However it needs skillful (human) organisation for this to occur for several reasons: firstly many learners do not believe that they will learn most from trying to tell others, but instead have a naive theory that listening will cause them to learn. Secondly, it is important to have a willing audience. Thus I have not written these words before, because I have not had this audience before: it took ECSCW97 to provide the occasion for us to find each other, and I looked at most of your position papers before adding this section which I think may connect with some of your interests. For students, they need to know that other students will be a willing audience (which they often won't be without teaching intervention, because other students believe they can only learn by listening to teachers). The skills of a good discussion facilitator are to get students to contribute, partly by convincing them it is worth their effort, partly by making them feel they have a willing audience for their contributions. Neither usually happens spontaneously.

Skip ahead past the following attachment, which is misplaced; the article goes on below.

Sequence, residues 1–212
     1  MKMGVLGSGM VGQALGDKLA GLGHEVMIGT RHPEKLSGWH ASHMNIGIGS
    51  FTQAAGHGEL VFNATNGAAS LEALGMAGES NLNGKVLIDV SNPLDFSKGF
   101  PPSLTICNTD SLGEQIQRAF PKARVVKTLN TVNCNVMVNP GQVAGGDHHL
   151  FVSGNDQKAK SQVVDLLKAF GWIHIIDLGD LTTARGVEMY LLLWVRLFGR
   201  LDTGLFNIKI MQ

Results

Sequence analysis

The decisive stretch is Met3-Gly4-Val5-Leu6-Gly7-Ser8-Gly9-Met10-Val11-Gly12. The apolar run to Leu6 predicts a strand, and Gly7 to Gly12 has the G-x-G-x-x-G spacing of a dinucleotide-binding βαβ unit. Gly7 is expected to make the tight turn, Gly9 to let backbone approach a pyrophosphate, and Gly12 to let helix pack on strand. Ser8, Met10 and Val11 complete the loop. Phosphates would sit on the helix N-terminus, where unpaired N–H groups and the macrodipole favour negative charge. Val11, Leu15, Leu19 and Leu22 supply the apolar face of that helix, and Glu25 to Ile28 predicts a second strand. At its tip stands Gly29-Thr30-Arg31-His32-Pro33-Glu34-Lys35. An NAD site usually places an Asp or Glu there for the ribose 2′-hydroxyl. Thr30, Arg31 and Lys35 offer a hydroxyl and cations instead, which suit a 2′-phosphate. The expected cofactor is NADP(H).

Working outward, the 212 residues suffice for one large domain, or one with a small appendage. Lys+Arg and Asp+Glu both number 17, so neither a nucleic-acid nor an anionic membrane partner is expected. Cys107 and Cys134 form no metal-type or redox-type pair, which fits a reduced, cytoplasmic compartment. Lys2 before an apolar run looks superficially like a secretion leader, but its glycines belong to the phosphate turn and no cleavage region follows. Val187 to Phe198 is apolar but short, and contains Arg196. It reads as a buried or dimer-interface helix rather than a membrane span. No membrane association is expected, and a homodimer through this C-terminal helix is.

Almost always people can hear or read and understand a lot faster than they can organise and utter sentences. It is thus quite surprising that it is worthwhile for people to discuss things face to face, as most of the time is wasted with several people waiting for the speaker to produce sentences; although perhaps that is why most people find that less effort than reading. This of course provides one of the great advantages of technology: asynchronous communication, where receivers do not have to waste time waiting for the slow production of contributions but can do other things, or produce their own messages. Thus asynchronous communication is an advantage in overcoming one great natural problem (difference in generation and reception speeds of human language). However it makes worse the other issue of persuading learners they have an interested audience. This already requires special skills in a human tutor, but most of these face to face skills do not work with asynchronous communication. In fact, it seems likely they do not even work over synchronous video links. In email (or BCSCW or whatever) we need the equivalent of lots of looking the speaker in the eye to show interest, nodding, saying "Uh huh", etc.etc.; we need very fast ways of transmitting a message to say "yes, that's interesting, what do the rest of you think?", which with email not only takes far longer to send than it does to say it, but then clutters up the list of messages where it is clearly much less important than the messages with real topic content.